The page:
Click For Photo: https://regmedia.co.uk/2018/10/24/car_crash.jpg
The question of the infamous trolley problem for self-driving cars has finally been answered.
Imagine a robo-ride is about to crash into either a kid or a bunch of elderly people. It cannot brake in time, nor swerve out of the way. Where should it go? Who should it hit, or rather, who should it spare?
Scenario - Time - Choice - Humans - Animals
Now, imagine the same scenario but this time the choice is between humans or animals, jaywalkers or law-abiding citizens, males or females, fitties or fatties... you get the idea. How should computers deal with these split-second moral decisions?
Millions of participants from more than 200 countries answered these hypothetical questions for an experiment dubbed the Moral Machine. It was set up by researchers from MIT and Harvard University in the US, University of British Columbia in Canada, and the Université Toulouse Capitole in France.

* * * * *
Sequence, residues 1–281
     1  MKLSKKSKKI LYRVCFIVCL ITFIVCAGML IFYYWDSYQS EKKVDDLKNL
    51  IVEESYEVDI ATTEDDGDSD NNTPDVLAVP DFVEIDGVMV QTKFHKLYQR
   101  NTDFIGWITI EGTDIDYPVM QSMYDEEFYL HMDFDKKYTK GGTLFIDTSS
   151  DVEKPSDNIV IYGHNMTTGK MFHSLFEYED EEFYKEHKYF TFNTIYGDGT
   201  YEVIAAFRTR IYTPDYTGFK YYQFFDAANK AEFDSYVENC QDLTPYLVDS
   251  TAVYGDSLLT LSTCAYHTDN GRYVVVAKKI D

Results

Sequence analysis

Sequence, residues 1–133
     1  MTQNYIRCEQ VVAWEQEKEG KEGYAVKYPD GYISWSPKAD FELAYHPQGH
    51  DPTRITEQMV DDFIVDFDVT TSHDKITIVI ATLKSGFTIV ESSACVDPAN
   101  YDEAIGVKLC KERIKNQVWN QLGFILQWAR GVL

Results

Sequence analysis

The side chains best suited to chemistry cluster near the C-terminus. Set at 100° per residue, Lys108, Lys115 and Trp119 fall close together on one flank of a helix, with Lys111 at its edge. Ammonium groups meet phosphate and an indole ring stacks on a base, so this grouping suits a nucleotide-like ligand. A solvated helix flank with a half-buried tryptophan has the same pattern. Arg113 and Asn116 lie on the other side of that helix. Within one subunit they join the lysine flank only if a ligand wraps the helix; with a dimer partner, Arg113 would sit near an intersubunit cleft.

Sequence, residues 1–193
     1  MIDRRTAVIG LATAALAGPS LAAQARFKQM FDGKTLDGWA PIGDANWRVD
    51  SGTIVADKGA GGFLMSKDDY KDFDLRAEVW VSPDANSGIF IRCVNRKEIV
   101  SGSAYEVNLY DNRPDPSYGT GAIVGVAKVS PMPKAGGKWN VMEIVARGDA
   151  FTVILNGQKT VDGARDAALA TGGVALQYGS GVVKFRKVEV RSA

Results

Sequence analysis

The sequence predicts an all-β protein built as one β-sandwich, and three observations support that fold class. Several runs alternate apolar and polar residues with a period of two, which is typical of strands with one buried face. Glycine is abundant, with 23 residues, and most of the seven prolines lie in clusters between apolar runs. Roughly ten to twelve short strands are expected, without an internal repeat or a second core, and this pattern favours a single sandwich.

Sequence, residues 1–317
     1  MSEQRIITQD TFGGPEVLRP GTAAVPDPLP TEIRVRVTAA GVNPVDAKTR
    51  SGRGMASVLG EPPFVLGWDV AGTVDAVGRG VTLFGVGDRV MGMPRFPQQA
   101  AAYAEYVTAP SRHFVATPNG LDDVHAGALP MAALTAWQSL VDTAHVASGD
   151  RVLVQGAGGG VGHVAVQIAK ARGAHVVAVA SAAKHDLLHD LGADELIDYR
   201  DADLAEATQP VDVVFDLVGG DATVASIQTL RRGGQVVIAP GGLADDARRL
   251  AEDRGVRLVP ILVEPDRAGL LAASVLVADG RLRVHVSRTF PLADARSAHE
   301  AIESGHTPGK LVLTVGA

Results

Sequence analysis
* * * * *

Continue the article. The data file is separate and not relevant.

Results - Subgroups - People - Moral - Machine
Graphic showing the results for different subgroups people preferred to spare, according to the Moral Machine results. Image credit: Awad et al. and Nature.
Users faced 13 different possible scenarios with two possible outcomes, and were asked to click on the option they preferred more. The results were published in Nature on Wednesday.
Participants - Groups - People - Pedestrians - Humans
It’s not too surprising that most participants favored the young over the old, groups of people over lone pedestrians and humans over animals. They were also more...
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